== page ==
We are sick. All day, in our house, there has been a chorus of coughing and nose blowing. Tissues litter the coffee table, the floor and every other available table top. It started with Jesse last week, moved onto me yesterday and Karis and Silas today. We are just waiting for Matt to fall prey. Needless to say, it has left plenty of time for snuggling under blankets and watching movies.
Even though Karis woke up this morning with a fever, she insisted on going to her first ice skating lesson. I tried to convince her to stay home but she really wanted to go. So, I pumped her full of Motrin and Tylenol, made sure she ate some breakfast and we headed out. When we got there we bundled her up and put on her rental skates, she was so excited. Her instructor had the kids practice falling and getting up out in the lobby and then had them march around on their ice skates. When they did get out on the ice, she had them practice falling and getting up for real.
The parents lined the side of the ice rink, peering through the glass to see how our kids would do. At first, all the kids were falling all over the place and it was super cute. But after a while it started getting really hard for me to watch. Karis would get herself back up, stand for a second or two and then fall down. Get back up, stand, fall. Over and over. As a mom it was just agonizing. I wanted to run out on the ice and hold her up. I hated to see her fall time and time again. She would search for my face on the side of the rink and I would give her a thumbs up and a big smile. I was so proud of her for sticking it out as long as she did, especially for being sick. This was probably not what she envisioned ice skating lessons to be like. I kept telling myself that this is good for her, to learn how to stick at something and to try your best, even though you fall, over and over. And as a mom, to learn how to let her do it.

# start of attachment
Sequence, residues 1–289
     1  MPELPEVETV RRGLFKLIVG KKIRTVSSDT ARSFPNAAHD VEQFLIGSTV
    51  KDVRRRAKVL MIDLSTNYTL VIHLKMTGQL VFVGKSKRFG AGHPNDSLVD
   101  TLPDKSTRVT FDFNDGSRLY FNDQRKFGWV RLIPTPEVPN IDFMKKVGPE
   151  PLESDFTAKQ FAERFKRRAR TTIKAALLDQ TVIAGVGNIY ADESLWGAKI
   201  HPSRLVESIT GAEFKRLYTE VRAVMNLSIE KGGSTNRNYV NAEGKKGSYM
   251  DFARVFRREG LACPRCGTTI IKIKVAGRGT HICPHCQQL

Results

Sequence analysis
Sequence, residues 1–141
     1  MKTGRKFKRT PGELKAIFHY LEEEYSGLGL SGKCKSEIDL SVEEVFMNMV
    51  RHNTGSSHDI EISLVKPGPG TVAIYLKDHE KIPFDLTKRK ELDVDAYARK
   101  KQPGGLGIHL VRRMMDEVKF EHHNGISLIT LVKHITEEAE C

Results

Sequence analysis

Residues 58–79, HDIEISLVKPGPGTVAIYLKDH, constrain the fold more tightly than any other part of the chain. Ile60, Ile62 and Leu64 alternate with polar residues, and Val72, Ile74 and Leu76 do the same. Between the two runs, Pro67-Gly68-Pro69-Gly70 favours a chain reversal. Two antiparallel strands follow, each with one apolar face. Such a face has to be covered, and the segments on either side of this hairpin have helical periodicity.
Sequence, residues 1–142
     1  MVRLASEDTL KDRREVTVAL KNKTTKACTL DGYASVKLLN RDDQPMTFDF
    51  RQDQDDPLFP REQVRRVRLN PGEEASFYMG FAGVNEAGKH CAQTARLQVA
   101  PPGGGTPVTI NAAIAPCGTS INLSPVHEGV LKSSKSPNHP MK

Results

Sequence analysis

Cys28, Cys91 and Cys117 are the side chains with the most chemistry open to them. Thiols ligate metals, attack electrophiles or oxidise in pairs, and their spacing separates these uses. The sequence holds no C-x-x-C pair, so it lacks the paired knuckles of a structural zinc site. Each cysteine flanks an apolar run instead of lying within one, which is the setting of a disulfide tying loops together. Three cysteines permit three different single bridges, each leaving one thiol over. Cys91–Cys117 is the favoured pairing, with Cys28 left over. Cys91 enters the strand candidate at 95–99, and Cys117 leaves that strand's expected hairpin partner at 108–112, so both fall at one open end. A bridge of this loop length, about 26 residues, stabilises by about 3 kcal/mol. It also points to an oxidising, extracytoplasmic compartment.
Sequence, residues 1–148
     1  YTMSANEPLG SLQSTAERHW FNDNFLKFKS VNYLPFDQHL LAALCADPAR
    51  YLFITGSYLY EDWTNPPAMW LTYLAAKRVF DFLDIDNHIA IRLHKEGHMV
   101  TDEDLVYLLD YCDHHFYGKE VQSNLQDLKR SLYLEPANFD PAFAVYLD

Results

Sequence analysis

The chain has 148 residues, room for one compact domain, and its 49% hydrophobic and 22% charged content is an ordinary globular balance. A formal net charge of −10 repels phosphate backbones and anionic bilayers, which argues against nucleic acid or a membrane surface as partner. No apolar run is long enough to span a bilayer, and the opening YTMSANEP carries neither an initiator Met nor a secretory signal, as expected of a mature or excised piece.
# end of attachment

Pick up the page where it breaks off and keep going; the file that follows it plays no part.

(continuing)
With about ten minutes left in the lesson she looked up at her instructor and let the tears come. I could tell she was beyond her frustration level, and I didn't blame her. The instructor carried her over to the door and I was there to give her the biggest hug I could muster. I tried to hold back my own tears as I told her how proud I was of her, how she did such a good job of sticking with it. I held her on the side of the rink and we watched, together, through the glass as her class finished up the lesson. I realized, standing there with her that is just the beginning of the process of letting go, of letting her spread her wings, fail and learn. I just pray that I can give what she needs to keep trying. But I do know for certain that she has a faithful hand to hold her up no matter what.
So, we will see what next week brings. I hope she is willing to go again. There is a half hour practice time after the lesson and I think it would probably be a good thing for me to get on the ice myself and help her practice what she learns. The only problem: I don't stand very upright on ice skates myself.
Hmmm, there may be a lesson in this for everyone!
I hope you are enjoying your weekend!